Is there a risk of deflation? Part 2

Tilman Friedrich is a qualified chartered accountant and a Namibian Certified Financial Planner ® practitioner, specialising in the pensions field. Tilman is co-founder, shareholder and managing director of RFS, retired chairperson, now trustee, of the Benchmark Retirement Fund.

Tilman Friedrich is a qualified chartered accountant and a Namibian Certified Financial Planner ® practitioner, specialising in the pensions field. Tilman is co-founder, shareholder and managing director of RFS, retired chairperson, now trustee, of the Benchmark Retirement Fund.

Continues from last week’s edition
Why should the risk of deflation concern us here in southern Africa where our inflation is running ‘nicely’ at around 7% now? Our governments certainly will not complain as there takings from the tax paying populous increases while the real value of their obligations is shrinking. The problem is that our economies will not evade the knock-on effect of deflation in the US and elsewhere, if it happened. Consider you owning a US Dollar asset of 1,000 that has decreased in value to 800. At an exchange rate of 15 the asset that was worth N$15,000 will now only be worth N$12,000.
If I as investor in a share considered the value of my N$1,000 in that share to be equivalent to the value N$1,000 invested in a bond yielding say 1%, I should be happy to buy the same quantity of bonds for say N$800 if my shares had declined in value to N$800 as the result of deflation. I would earn interest of N$10 on my bonds that I would purchase for N$800, which now represents a yield of 1.25%. This effect could correct the imbalance between fixed interest assets and other assets over a period and lead to the downward adjustment of equity prices. For the issuer of the bond this would of course have the opposite effect as his interest cost will increase.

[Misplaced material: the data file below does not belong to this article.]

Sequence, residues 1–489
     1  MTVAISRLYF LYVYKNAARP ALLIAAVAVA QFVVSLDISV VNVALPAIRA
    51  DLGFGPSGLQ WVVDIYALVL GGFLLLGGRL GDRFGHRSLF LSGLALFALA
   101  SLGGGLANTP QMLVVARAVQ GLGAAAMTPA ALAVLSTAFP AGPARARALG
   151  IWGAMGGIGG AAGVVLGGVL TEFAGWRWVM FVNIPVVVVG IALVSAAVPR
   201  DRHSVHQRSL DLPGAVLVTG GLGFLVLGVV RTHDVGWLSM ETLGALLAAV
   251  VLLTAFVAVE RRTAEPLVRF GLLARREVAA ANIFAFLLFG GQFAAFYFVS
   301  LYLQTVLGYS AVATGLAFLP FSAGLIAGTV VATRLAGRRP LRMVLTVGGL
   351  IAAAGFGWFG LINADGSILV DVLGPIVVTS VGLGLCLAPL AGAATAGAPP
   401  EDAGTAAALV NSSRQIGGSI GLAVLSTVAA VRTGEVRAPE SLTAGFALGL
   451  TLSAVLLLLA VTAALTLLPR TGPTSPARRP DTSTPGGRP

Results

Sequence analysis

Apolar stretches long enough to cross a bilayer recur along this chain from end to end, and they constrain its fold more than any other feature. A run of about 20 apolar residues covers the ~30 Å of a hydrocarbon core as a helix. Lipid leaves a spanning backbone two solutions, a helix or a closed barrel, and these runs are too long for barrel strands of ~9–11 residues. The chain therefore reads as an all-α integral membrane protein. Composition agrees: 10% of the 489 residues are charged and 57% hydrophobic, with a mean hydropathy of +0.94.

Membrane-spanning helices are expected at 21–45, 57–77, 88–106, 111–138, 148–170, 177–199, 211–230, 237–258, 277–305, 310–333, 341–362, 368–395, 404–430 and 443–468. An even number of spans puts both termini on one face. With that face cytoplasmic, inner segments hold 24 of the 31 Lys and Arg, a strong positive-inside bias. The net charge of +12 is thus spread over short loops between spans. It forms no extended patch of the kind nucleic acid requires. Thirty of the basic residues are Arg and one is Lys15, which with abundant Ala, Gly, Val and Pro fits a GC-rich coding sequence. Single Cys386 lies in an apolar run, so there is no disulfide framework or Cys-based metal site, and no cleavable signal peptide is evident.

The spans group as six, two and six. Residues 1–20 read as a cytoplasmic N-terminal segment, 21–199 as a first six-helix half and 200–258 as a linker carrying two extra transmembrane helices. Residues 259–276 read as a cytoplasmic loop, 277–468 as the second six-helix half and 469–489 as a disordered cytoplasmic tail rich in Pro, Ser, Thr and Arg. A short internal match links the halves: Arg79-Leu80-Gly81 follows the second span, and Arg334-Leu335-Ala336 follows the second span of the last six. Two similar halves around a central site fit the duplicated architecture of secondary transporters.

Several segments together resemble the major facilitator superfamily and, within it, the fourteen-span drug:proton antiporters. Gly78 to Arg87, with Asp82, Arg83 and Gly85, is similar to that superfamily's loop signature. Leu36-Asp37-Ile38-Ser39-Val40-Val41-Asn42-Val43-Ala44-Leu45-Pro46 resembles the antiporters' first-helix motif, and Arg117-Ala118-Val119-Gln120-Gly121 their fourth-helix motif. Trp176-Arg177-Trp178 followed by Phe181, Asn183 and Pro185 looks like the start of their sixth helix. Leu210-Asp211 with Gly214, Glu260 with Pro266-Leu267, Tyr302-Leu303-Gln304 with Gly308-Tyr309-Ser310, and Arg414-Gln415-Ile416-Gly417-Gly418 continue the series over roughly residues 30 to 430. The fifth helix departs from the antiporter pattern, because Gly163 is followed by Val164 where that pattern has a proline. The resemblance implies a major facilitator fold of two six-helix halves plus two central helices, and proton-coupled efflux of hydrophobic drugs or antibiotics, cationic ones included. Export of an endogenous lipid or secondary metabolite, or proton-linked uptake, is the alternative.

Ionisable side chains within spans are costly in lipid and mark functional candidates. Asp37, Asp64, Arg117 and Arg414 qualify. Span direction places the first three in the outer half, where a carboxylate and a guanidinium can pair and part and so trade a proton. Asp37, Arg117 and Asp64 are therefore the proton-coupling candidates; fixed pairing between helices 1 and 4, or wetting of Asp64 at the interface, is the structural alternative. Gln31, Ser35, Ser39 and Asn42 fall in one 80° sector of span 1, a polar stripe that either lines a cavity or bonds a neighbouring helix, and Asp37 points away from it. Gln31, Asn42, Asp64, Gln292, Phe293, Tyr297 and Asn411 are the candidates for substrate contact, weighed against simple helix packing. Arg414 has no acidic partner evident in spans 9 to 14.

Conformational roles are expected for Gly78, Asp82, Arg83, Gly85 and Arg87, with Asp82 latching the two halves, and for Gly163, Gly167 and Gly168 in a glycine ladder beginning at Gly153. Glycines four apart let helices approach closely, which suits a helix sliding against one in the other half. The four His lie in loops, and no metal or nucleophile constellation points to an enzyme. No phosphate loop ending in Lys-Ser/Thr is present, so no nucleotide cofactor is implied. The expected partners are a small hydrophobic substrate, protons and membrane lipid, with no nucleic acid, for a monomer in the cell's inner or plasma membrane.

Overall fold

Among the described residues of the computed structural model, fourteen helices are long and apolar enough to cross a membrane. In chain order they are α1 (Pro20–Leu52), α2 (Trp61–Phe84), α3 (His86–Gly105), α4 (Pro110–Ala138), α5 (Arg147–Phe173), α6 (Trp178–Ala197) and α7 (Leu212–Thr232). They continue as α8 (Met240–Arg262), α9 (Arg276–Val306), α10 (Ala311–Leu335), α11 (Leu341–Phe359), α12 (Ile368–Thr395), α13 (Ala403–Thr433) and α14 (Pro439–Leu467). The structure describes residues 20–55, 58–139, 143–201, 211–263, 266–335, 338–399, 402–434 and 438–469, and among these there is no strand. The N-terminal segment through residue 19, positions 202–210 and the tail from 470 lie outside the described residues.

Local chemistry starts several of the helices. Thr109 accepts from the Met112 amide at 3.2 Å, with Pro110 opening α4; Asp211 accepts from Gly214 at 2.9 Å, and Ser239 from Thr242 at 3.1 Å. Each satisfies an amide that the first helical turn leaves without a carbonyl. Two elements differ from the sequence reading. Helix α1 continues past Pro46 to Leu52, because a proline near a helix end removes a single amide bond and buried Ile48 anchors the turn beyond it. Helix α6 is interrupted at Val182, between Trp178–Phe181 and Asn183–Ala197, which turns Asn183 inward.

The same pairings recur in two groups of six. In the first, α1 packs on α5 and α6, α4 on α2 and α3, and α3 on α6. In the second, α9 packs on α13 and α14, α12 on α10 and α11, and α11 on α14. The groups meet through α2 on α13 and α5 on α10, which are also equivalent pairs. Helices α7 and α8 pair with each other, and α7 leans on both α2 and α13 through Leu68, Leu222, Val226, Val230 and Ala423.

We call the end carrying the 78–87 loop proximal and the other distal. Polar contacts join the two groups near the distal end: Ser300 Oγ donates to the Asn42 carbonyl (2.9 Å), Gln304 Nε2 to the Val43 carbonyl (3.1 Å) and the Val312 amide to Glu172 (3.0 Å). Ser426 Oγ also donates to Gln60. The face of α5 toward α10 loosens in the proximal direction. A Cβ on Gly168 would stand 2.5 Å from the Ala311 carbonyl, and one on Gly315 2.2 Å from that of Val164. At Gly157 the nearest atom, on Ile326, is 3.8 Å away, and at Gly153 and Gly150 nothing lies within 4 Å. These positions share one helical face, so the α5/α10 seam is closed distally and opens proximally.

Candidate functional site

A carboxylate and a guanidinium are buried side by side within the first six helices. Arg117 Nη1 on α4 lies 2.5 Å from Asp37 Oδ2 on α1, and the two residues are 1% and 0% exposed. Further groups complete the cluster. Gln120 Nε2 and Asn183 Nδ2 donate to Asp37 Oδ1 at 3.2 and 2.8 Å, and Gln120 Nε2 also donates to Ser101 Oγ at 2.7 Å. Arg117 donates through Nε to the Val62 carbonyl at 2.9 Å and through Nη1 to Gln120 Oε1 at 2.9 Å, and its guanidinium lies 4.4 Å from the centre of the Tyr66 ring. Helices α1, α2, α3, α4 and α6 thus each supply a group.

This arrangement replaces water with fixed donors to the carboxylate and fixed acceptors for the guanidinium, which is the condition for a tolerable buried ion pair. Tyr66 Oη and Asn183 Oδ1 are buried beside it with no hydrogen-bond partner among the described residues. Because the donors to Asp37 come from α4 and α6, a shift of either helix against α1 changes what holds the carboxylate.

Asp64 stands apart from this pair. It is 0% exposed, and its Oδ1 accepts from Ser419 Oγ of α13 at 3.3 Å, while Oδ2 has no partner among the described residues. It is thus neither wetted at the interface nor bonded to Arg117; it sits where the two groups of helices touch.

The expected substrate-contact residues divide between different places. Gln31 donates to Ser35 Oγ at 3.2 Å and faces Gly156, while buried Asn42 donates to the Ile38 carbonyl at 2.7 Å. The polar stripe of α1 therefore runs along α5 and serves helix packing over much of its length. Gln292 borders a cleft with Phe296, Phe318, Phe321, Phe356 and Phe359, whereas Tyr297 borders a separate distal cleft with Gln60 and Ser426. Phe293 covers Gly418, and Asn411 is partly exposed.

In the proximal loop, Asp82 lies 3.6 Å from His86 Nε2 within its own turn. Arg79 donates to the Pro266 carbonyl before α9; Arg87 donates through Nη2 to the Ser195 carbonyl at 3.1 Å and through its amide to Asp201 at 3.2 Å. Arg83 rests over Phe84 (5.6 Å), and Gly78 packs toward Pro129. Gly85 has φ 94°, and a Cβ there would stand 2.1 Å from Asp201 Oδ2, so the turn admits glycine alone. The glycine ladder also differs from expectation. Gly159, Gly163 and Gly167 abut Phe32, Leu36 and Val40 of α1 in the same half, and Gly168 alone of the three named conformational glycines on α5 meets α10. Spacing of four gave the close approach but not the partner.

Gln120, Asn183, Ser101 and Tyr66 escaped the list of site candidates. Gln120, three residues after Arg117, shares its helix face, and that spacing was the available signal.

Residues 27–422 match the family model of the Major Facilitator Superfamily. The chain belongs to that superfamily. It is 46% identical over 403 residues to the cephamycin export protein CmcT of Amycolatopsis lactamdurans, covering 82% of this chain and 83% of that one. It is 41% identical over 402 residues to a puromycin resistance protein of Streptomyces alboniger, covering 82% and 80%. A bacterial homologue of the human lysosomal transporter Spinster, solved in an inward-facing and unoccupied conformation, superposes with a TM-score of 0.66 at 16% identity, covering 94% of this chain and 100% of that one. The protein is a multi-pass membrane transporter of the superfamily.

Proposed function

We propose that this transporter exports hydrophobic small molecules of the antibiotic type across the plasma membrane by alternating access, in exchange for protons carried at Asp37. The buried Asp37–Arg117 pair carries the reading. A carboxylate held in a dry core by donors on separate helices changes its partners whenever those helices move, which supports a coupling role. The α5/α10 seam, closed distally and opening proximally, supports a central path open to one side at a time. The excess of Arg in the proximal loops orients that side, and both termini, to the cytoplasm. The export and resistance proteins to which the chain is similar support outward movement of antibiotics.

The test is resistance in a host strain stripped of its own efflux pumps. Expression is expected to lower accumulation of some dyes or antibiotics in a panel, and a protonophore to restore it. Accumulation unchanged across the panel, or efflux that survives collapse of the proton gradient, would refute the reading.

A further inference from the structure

With monetary aggregates being at historically high levels, interest rates at historically low levels and asset values being artificially inflated as the result of money printing by many reserve banks across the world, equilibrium will only be attained either through a slow adjustment in the value of fixed interest assets relative to that of other assets over a very protracted period or through another crisis that will lead to a rapid correction. Latter is similar to the cycles companies typically go through. Their share price increases rapidly above all fundamentals (and with it the CEO’s compensation) until they reach a point where the CEO’s run out of ideas to push the price any further. The result will be the departure of the CEO. The new CEO will now clean up by writing down inflated asset values, writing off doubtful amounts etc. that caused the artificial growth in the share price immediately. The share price will consequently drop steeply and the new CEO will now once again be able to push the share price and consequently his compensation package too.
What should we expect to happen? A distinct possibility is that a Donald Trump as next US president, and as a political outsider, may well have the courage to act as if he is the new CEO of company America, not being loaded with the political baggage of the candidates that participated in so many previous elections – take the pain now and move forward! Such a scenario really spells doom for debtors whose liabilities of course will retain their value while their assets will experience a decline in value.
Conclusion
Considering the risks looming for investors in global financial markets as sketched above, first and foremost, one should get rid of debt as quickly as one can. There is nothing one can do about a decline in asset values and if this happened as the result of deflation and also caused a decline in the cost of goods and services and the cost of living, one should be o.k. A deflation would impact all assets and there will be nowhere to hide. The best the investor can do is to invest selectively in high yielding assets that should be impacted less by a rapid de-rating. At the end of the day it’s the income you get from your investments that will determine whether you will survive or not, not the underlying value of the asset. Investors should thus be extremely cautious under current circumstances and protection against downside may not be a bad strategy.
Barring a shock to the global financial system that will lead to a rapid correction of the prevailing imbalances, we expect to see significantly lower returns on all asset classes than we have seen over the past 5 years and it should be quite difficult to achieve real returns over a protracted period.

Download the complete Benchtest fund investment overview at http://www.rfsol.com.na/benchmark.

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